Lying in the office is a pandemic," Lynn Taylor, a national workplace expert and the author of "Tame Your Terrible Office Tyrant: How to Manage Childish Boss Behavior and Thrive in Your Job, told Business Insider. “Especially if you consider the amount of tiny white lies circulating in the daily course of business." How often do people lie at work? According to a University of Massachusetts study conducted by psychologist Robert Feldman, most of us lie two to three times every 10 minutes.
Reasons why employees lie
We bend the truth to make life easier. More often than not, we rationalize them as protecting others, thinking it will keep the peace or it is something everyone does. Workplace environmental factors can increase the chances that your co-workers will lie. Some of these factors are unrealistic expectations, intense competition, and tough consequences for not delivering. If several employees are in a competition for limited payoffs, lying and cheating are likely outcomes. Poorly designed incentive schemes lead to lying. Individuals also lie for less dire reasons. Some individuals find it quite difficult to be honest because they fear criticism, they are prone to embarrassment, or they have a strong need to fit in. More often than not co-workers tell lies for humane reasons. For example, in order to spare your feelings, a co-worker may tell you that you are doing a good job even when you are not.
How do you know when employees are lying to you?
Research has consistently shown that people's ability to detect lies is no more accurate than chance, or flipping a coin. (Personality and Social Psychology Review, 2006). Rather than looking at people for visual cues such as a lack of eye contact or fidgeting psychologists are developing strategies that interviewers can use to discover signs of lying. Research shows that revealing evidence of criminal acts to suspects increases the accuracy of detecting lies above chance levels (Journal of Investigative Psychology and Offender Profiling, 2011).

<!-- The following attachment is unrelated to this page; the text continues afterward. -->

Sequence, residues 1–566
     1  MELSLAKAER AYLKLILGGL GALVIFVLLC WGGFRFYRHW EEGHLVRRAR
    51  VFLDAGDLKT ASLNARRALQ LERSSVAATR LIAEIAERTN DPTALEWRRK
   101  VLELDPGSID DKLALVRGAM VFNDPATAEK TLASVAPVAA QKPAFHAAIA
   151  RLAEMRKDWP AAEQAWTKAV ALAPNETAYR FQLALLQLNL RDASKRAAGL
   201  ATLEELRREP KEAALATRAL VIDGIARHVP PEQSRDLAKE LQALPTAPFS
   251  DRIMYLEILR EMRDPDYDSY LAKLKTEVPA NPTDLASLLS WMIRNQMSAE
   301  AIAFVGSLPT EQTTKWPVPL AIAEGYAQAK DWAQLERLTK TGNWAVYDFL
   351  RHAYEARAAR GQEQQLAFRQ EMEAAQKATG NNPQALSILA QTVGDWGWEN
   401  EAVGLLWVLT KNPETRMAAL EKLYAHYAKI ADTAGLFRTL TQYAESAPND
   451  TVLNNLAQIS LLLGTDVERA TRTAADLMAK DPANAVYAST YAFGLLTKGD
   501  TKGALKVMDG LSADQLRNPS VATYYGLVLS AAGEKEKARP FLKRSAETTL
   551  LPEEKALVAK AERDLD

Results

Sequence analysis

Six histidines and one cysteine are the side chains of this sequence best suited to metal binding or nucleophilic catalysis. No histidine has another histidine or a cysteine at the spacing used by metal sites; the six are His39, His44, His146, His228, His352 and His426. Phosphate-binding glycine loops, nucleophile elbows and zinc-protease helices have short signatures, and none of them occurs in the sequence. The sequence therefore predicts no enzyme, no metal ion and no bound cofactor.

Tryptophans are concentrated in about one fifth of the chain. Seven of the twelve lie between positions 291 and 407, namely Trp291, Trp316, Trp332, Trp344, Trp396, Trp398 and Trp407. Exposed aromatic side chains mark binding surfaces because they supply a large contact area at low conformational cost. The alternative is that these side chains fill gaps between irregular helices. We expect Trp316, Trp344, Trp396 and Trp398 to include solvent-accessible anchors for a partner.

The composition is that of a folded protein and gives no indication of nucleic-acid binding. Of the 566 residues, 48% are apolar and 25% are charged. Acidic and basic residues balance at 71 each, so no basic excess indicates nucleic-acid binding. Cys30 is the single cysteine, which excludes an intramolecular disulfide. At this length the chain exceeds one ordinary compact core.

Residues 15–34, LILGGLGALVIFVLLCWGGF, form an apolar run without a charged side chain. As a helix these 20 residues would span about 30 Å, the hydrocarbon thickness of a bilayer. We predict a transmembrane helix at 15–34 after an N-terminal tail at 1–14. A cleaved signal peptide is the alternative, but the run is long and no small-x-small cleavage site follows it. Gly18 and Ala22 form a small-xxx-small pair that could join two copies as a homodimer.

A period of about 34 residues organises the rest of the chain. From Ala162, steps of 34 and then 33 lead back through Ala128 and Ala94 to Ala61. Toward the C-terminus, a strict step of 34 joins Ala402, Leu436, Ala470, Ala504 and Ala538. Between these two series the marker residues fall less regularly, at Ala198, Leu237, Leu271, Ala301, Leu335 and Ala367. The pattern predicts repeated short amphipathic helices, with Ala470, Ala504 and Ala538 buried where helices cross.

Another way of discovering a liar is to increase the cognitive load by, for example, asking them to relate their stories in reverse order. Employees who tell the truth rely on their memories to tell their story backward, often adding more details, but liars tend to struggle. Research shows that employees who tell lies also often provide fewer details about time, location and things they heard. They also tell their story more slowly, with more hesitations (Law and Human Behaviour, 2008).
You can also increase the cognitive load for liars by encouraging them to say more details about their story. More often than not, liars have a prepared story to tell and little to say when asked to add more details. They are reluctant to add more details for fear they will mess up and are caught. It is also noteworthy that liars are less likely to complement and elaborate on each other’s responses. Truth tellers are more interactive as they try to reconstruct a shared event from their heads.
Lying affects your brain
We think of lying as something we do to others, but in fact, lying also does something to us. A team of researchers at University College London and Duke University set out to find out what exactly goes on in the brain when we tell a lie. In particular, they wanted to know whether the brain becomes desensitized to dishonesty over time, making it easier to tell a lie when we do so repeatedly. The researchers first had to prove that dishonesty increases over time. Therefore, they devised a task in which study participants could lie in order to receive money. At first, participants lied only a little. However, over the course of the study, their estimates became higher and higher. By the end of the study, the magnitude of lies were nearly twice as high as when they began.
The next step was to understand what happened in the brain that caused dishonesty to increase. The researchers performed the same experiment while observing participants’ brain activity using functional magnetic resonance imaging (fMRI). Early on, they saw a great deal of activity in regions of the brain associated with emotions—the amygdala in particular. This observation suggests that participants initially felt very bad about the lies they told. However, over time, as participants lied repeatedly, these areas of the brain showed less and less activity.
Just like when we encounter other unpleasant stimuli—like loud noises or frightening images, for example—the brain has the ability to adapt and make the stimuli less intense. Unfortunately, in this case, adaptation makes it easier to do a bad thing. When lying no longer stirs up negative feelings, we are able to increase the magnitude of our lies. Then the additional, larger lies further deaden our sensitivity to the act of lying, and the slippery slope continues.